Even before Nolli Map of Rome famously rendered interior public spaces of that city as parts of the open civic landscape, basic figure-and-ground maps have told complex stories with great depth in black-and-white form on paper, canvas and papyrus.
Treating solids as a kind of typography, French artist?Armelle Carnon created a series of poster-style flat wall prints that seek order in the chaotic spirals, winding alleys and misshapen squares of famous cities. A strange and unique, but surprisingly alphabet-like, result emerges.
Berlin, Istanbul, Tamarac and Paris are all recognizable to many from the composite shape of the solids and voids visible on a map, but, surprisingly, those same shapes are meaningful, comprehensible and perhaps even identifiable via the ordered parts alone.
A similarly styled poster is available for sale on the site, “all black, it is at first reminiscent of the test and its Rorschah inkblots drawing various shapes to interpret. Then we see that the planisphere was dismantled, disassembled, as is done for a mechanical. These pieces of a complex motor, different countries and islands that constitute it are carefully aligned: Armelle Caron invites us to a flattening of our world, literally as figuratively, because dismantling graph suggests to reconsider the collective representation, particularly fixed and arbitrary we have geography. Placed next to each other, countries appear to us very differently indeed.”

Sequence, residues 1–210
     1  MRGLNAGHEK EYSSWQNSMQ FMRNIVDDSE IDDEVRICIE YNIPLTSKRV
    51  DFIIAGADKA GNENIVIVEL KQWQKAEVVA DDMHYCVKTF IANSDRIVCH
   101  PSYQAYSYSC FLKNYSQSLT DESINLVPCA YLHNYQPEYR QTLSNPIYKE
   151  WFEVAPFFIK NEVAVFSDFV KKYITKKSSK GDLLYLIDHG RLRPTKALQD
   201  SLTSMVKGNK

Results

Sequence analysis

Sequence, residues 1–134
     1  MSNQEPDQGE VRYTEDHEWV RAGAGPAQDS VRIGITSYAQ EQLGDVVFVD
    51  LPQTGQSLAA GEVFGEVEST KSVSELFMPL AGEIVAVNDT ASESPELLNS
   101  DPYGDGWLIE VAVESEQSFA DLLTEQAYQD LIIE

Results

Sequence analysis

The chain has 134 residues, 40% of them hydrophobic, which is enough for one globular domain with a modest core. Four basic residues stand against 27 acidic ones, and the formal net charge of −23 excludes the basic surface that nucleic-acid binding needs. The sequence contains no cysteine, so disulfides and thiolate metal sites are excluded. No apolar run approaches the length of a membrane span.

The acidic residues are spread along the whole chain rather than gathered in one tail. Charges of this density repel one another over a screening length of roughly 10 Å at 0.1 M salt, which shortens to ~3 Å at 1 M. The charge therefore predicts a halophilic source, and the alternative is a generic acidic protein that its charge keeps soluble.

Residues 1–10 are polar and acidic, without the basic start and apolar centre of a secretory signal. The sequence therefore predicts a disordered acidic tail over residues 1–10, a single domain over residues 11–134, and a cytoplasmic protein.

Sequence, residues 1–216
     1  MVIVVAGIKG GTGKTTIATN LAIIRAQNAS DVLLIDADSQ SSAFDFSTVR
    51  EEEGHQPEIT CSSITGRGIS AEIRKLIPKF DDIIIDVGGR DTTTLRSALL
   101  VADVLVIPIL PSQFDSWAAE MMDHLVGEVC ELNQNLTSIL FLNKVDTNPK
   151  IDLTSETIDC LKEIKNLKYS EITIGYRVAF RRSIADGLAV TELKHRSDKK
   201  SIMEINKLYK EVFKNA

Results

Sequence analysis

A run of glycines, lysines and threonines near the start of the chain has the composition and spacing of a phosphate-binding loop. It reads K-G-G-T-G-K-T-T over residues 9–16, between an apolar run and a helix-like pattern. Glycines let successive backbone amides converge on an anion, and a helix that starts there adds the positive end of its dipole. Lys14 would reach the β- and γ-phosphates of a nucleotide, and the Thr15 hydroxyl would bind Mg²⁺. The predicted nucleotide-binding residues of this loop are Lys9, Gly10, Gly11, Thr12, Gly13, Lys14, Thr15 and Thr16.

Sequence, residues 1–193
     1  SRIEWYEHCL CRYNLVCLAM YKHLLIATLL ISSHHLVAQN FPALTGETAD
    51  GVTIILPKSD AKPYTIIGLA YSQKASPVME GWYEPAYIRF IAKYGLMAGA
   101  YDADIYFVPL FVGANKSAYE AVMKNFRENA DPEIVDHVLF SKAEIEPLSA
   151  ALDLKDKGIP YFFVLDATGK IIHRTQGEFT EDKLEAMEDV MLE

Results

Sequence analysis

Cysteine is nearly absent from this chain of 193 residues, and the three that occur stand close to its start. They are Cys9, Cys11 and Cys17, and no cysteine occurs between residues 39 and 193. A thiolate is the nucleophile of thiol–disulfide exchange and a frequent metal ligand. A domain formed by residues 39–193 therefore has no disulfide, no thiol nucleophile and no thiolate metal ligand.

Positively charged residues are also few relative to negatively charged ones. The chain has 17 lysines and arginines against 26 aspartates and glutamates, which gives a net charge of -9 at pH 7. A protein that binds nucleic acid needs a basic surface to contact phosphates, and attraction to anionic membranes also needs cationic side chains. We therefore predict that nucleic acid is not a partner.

Other work by Carnon likewise probe hidden depths of city streets and spaces via figure/ground variants, like cut-and-framed relief pieces which, though white on white, use shadow to contrast one type with its opposite.